Related links:

Earth and Planetary Science Letters:

ESA’s Climate Change Initiative:

DTU National Space Institute:

Nansen Environmental and Remote Sensing Center:

Related missions:




Earth observation:

Images, Text, Credits: ESA/Planetary Visions/Contains modified Copernicus Sentinel data (2018), processed by ESA.

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2018 excavations at Agios Sozomenos in Cyprus concluded

The Department of Antiquities, Ministry of Communications and Works, announced the completion of the 6th season of excavations in the framework of the Agios Sozomenos Excavations and Survey Project (ASESP) at the localities Ampelia and Nikolides, under the direction of the Curator of Antiquities Dr. Despina Pilides.

2018 excavations at Agios Sozomenos in Cyprus concluded
Stone basin at the Ampelia site, Agios Sozomenos [Credit: Department of Antiquities,
Republic of Cyprus]

This excavation season lasted from 10 September-26 October 2018. This year the aim was to further investigate the pithos storage house on the small hillock at Ampelia, its extent and chronology as well as investigate the plan, chronology and nature of the monumental fortification at Nikolides.

Agios Sozomenos-Ampelia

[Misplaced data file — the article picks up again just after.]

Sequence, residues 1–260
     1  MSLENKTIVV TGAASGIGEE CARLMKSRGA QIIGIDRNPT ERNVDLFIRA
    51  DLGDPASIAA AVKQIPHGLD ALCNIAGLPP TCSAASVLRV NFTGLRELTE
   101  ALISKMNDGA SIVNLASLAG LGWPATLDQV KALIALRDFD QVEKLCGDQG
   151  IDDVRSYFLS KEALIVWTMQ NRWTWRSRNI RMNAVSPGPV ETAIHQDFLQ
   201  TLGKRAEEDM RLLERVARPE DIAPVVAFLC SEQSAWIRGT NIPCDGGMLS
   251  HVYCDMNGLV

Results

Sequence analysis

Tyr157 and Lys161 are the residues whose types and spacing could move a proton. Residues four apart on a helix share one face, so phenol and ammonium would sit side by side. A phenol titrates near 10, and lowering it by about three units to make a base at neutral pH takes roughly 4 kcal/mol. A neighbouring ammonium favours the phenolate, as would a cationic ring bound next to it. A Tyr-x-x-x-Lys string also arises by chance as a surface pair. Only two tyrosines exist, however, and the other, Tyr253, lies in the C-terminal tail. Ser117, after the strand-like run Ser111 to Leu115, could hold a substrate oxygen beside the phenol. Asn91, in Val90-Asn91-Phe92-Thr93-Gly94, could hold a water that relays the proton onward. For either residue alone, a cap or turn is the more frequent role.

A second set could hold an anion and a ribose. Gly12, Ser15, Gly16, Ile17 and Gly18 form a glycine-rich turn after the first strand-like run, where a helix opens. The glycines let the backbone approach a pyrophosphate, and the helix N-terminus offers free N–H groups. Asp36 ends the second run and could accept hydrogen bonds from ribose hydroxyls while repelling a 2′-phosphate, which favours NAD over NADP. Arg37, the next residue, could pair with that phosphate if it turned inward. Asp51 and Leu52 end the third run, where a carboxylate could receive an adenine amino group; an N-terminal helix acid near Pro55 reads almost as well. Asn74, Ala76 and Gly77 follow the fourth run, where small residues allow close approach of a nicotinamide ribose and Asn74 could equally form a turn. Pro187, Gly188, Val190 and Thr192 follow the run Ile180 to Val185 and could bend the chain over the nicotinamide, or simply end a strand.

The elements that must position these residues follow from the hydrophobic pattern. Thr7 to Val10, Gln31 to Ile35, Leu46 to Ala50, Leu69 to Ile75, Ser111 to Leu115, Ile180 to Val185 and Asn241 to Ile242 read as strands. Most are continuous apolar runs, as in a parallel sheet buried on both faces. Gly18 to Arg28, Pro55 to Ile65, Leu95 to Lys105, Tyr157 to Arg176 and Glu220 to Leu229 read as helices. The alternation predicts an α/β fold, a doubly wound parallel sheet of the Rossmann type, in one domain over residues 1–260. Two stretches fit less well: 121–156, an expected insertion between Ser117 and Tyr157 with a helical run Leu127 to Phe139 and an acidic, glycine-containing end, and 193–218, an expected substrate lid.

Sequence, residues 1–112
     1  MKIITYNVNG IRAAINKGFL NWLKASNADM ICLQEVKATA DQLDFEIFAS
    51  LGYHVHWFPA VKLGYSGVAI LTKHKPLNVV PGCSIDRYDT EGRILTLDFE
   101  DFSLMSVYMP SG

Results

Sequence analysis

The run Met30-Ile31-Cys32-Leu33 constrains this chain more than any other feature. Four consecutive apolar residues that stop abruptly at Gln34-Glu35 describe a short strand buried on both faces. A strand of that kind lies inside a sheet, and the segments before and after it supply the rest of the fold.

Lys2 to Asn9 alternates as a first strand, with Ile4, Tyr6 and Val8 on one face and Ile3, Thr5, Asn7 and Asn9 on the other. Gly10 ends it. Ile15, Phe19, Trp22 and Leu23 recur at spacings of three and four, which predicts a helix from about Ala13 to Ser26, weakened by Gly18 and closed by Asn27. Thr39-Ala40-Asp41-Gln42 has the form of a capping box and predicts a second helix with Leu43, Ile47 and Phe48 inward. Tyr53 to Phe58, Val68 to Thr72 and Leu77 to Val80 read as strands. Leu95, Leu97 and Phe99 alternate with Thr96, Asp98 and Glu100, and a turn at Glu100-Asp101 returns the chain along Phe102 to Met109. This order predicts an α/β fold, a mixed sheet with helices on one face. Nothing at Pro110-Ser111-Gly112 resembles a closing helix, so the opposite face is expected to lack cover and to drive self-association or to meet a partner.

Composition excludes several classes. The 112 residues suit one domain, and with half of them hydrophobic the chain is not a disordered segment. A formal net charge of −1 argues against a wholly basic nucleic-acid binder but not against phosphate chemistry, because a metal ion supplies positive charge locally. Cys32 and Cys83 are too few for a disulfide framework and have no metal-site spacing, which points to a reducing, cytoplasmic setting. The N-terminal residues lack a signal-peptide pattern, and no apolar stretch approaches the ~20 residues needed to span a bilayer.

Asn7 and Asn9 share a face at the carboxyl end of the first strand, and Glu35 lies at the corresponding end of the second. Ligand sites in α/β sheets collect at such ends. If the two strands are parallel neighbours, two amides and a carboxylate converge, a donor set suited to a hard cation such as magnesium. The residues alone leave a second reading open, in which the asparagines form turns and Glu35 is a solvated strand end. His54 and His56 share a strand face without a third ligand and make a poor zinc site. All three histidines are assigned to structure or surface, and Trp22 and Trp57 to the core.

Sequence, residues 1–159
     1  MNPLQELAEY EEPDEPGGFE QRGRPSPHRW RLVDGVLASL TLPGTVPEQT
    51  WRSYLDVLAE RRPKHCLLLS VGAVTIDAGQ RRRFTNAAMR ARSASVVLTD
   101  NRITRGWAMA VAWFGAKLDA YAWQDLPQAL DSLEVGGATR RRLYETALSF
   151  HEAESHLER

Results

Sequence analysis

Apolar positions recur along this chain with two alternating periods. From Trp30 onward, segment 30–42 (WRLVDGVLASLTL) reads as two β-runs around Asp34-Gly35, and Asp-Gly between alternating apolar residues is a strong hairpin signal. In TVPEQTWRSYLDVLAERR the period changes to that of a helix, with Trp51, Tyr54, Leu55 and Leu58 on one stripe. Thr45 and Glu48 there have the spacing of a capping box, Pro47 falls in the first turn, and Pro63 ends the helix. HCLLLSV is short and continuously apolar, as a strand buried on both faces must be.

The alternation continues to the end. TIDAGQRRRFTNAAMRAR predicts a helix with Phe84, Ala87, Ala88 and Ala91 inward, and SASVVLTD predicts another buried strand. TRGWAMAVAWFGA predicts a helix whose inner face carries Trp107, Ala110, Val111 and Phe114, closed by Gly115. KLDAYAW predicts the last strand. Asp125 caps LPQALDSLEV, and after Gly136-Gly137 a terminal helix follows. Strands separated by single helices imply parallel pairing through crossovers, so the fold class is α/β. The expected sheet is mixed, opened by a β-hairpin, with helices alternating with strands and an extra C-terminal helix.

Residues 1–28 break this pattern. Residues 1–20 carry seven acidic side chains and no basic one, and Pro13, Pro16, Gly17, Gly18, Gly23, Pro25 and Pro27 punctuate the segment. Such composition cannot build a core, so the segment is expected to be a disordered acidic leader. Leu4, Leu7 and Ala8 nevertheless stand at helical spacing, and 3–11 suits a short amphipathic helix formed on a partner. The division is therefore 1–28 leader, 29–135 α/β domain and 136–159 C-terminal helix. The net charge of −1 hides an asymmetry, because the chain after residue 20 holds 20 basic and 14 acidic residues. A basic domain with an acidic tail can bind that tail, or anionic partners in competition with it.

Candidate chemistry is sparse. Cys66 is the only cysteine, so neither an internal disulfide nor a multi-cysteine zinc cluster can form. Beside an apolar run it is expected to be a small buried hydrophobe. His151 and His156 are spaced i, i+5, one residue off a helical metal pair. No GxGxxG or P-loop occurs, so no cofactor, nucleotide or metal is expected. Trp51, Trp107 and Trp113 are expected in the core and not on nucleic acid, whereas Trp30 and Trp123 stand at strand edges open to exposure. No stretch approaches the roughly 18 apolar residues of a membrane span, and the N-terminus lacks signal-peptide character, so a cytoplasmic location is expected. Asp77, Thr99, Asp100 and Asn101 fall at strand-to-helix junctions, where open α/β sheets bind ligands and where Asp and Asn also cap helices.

Excavation continued on the east side of the building found last year, to establish whether it extended down the slope of the hillock. The cobbled courtyard, part of which was uncovered last year did indeed extend further, possibly enclosed within a very disturbed wall on the east side. The cobbled floor extended further to the south. It seems that this floor was renewed, as in some places where this was not preserved, another quite well preserved cobbled floor was found below, with strewn pithos sherds on it, some decorated with wavy lines left in situ.

The pebbles of the earlier floor were set in a layer of plaster, which was then covered with another layer of plaster in which the pebbles of the new floor were set. In some places a thin layer of yellowish brown soil was found below the later floor. The extent of the floor on the south part was lost as a result of recent cultivation activities. The same activities caused the destruction of the architecture on the east side, although it seems that the building extended on this side as well. The north wall of Room 1 (the Pithos room) was not preserved and excavation on the north side, down the slope again proved fruitless.

On the west side, traces of a floor were found as well as a layer of ashes, possibly from the fire destruction noted last year, as well as strewn burnt stones, possibly remains of a wall. Only pithos and storage jar sherds were retrieved. Some crevices in the bedrock seem to continue the ones noted last year. The same layer of ashes and remains of a burnt floor of plaster were noted on the SW part of the building.